With a free trade agreement signed between Beijing and Wellington just two days prior to the Rudd speech, New Zealand’s relationship with China followed a somewhat different trajectory.

New Zealand prides itself as an independent ‘honest broker’ in international affairs; as a small state we champion multilateralism and the maintenance of a rules-based international order. 

The most recent documentary expression of this is last year’s Strategic Defence Policy Statement (SDPS), which noted China’s military-led territorial expansionism in the South China Sea and its failure to recognise Court of Arbitration rulings, and singled out China’s views on human rights and freedom of information as standing “in contrast to those that prevail in New Zealand.” Add to this other rebukes, including the GCSB scuttling Huawei’s hopes of involvement in the country’s 5G network, and New Zealand’s ‘rules-based’ pretensions start looking in Beijing more like ‘alliance-based’ behaviour.

Beijing’s resulting displeasure has been the subject of wide conjecture in New Zealand. But whatever the tea leaves may or may not reveal, history tells us that such pointed public rebuke is never easily digested in the corridors of Zhongnanhai.

In the rules of propriety that Beijing assiduously follows in its public interactions with foreign governments, symbolism is important, as is the notion that critical words are to be spoken behind closed doors and beyond the public narrative of ‘win-win cooperation and mutual benefit’. 

Rudd’s zhengyou bid was destined to fail. The unvarnished truth delivered in Mandarin at its most venerable university was always going to cause offence. Just as we can be confident that the SDPS and Huawei rebukes have been interpreted by Beijing as a public slap on the face and an unfortunate turn by Wellington towards the ‘China containment’ position of its traditional Anglophonic allies.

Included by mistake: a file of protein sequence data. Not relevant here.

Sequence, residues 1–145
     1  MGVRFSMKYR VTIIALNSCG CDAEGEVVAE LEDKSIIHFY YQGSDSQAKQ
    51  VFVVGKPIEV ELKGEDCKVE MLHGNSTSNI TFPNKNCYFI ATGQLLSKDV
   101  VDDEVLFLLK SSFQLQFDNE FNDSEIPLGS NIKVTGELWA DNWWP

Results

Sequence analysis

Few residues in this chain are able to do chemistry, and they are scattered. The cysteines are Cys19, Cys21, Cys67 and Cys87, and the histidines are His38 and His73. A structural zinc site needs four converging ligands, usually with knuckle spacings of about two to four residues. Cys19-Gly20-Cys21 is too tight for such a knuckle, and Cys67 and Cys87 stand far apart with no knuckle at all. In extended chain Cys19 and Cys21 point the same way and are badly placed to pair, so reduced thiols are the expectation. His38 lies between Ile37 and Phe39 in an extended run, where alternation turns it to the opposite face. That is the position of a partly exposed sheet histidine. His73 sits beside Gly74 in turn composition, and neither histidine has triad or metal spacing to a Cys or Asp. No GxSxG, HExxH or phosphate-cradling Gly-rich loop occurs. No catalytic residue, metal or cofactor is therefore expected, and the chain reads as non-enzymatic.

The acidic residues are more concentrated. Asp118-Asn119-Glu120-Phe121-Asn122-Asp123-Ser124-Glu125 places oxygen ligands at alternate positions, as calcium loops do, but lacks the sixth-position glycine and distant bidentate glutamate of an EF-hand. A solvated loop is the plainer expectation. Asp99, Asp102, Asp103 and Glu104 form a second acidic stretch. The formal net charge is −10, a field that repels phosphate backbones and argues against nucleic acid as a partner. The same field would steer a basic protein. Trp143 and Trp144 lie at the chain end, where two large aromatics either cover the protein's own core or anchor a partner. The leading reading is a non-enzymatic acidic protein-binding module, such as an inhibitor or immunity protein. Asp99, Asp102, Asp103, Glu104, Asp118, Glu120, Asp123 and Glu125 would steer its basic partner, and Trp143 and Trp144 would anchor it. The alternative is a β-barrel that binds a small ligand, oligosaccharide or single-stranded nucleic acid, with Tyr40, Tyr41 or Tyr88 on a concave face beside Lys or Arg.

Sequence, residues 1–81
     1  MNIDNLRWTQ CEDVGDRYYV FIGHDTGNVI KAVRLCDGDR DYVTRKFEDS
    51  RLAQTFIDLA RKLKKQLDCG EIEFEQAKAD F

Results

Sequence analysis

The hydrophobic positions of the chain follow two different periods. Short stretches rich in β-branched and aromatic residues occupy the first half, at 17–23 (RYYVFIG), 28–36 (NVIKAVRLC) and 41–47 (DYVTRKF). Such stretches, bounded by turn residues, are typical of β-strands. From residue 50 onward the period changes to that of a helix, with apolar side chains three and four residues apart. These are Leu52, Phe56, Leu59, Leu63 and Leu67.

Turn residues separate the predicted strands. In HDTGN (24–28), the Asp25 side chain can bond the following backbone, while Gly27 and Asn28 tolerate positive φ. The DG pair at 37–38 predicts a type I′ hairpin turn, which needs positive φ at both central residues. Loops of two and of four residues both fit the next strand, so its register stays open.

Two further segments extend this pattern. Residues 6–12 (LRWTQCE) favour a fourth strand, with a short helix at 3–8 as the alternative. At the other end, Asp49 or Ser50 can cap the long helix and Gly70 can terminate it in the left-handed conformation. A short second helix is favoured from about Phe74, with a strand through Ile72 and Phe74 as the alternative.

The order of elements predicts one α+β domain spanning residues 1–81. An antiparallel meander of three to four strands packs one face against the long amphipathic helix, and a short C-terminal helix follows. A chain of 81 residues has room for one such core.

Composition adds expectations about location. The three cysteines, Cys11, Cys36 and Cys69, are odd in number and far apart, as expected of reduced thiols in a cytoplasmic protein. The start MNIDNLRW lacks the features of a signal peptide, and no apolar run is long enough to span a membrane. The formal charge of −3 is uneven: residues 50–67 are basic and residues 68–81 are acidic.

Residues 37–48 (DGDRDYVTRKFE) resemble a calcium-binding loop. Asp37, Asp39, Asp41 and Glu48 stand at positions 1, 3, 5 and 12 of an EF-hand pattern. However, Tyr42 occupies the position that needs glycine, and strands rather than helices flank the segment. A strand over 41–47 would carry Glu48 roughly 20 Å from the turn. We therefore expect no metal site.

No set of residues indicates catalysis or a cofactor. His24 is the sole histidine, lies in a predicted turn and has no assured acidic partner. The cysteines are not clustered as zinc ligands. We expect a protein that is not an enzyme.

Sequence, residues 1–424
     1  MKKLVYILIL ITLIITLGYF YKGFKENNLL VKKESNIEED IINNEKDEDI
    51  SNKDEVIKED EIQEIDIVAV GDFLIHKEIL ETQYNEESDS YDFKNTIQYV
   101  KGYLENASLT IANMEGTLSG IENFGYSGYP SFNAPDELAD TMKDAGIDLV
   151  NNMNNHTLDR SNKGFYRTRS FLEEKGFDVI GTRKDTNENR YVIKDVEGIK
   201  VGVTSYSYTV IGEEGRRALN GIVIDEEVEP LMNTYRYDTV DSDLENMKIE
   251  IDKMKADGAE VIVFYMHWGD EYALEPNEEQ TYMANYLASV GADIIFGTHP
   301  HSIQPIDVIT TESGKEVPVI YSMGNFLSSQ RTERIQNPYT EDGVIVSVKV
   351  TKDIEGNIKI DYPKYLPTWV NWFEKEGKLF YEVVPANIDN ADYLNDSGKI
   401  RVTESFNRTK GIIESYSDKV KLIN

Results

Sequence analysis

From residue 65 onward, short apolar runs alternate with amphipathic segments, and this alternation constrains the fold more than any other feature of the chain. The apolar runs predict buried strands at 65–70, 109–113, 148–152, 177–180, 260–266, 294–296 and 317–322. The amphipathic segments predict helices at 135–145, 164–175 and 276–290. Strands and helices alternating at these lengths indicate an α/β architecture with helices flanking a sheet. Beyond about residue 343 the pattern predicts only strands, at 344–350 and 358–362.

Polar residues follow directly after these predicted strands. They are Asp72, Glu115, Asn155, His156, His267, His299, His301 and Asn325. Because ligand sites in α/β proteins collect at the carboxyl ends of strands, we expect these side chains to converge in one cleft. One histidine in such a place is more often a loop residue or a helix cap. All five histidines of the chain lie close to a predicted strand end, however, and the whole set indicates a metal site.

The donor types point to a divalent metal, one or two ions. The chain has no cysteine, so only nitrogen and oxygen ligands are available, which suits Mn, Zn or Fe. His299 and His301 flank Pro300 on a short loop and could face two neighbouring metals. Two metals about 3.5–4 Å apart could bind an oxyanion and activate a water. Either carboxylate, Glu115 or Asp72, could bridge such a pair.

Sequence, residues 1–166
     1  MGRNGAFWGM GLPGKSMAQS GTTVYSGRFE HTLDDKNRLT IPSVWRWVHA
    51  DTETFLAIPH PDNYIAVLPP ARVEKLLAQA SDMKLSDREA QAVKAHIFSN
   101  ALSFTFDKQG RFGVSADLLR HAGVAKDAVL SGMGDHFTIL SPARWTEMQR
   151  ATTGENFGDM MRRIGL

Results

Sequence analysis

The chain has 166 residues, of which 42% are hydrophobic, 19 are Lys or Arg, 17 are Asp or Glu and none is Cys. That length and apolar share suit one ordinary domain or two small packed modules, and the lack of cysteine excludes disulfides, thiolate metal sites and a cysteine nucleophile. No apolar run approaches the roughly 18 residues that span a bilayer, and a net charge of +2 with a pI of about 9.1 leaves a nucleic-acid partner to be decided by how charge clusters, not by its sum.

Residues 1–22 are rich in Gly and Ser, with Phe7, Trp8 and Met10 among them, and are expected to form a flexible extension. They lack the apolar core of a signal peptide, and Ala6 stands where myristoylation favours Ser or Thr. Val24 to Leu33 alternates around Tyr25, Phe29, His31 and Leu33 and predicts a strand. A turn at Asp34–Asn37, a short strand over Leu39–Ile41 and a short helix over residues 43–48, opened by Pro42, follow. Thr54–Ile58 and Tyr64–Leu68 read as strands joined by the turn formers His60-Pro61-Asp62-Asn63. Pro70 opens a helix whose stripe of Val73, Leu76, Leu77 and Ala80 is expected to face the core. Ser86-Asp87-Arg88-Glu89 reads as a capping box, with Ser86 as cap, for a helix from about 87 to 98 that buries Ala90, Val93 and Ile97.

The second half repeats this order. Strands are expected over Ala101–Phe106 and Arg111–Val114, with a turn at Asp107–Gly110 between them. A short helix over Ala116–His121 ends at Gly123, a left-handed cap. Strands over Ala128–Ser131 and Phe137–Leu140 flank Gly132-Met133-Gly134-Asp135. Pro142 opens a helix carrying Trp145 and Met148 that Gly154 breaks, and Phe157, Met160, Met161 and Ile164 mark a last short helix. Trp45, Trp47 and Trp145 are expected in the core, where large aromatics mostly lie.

Could the SDPS have articulated what it needed to without outing China in the way it did? Could the Huawei position have been more delicately stated, perhaps along lines more akin to the subsequent UK GCHQ announcement? Probably.

It’s not about acquiescing to Beijing’s dictates in order to protect New Zealand export revenues, and it’s not about making a choice between Beijing and the Western alliance. Such binary views of New Zealand’s options are overly simplistic, and not overly helpful. Which brings us back to Professor Brady.

As an outspoken and principled critic of Chinese interference in New Zealand’s domestic politics, Professor Brady provides – and should be encouraged to provide – unflinching counsel to Wellington, just as Wei Zheng would have done in the court of the Tang emperor fourteen hundred years ago. 

But Wellington should also learn from the thwarted zhengyou ambitions of Kevin Rudd and consider a more diplomatic communications strategy with Beijing… one that avoids the type of indelicate – and zero sum – public shaming we’ve seen over the past several months.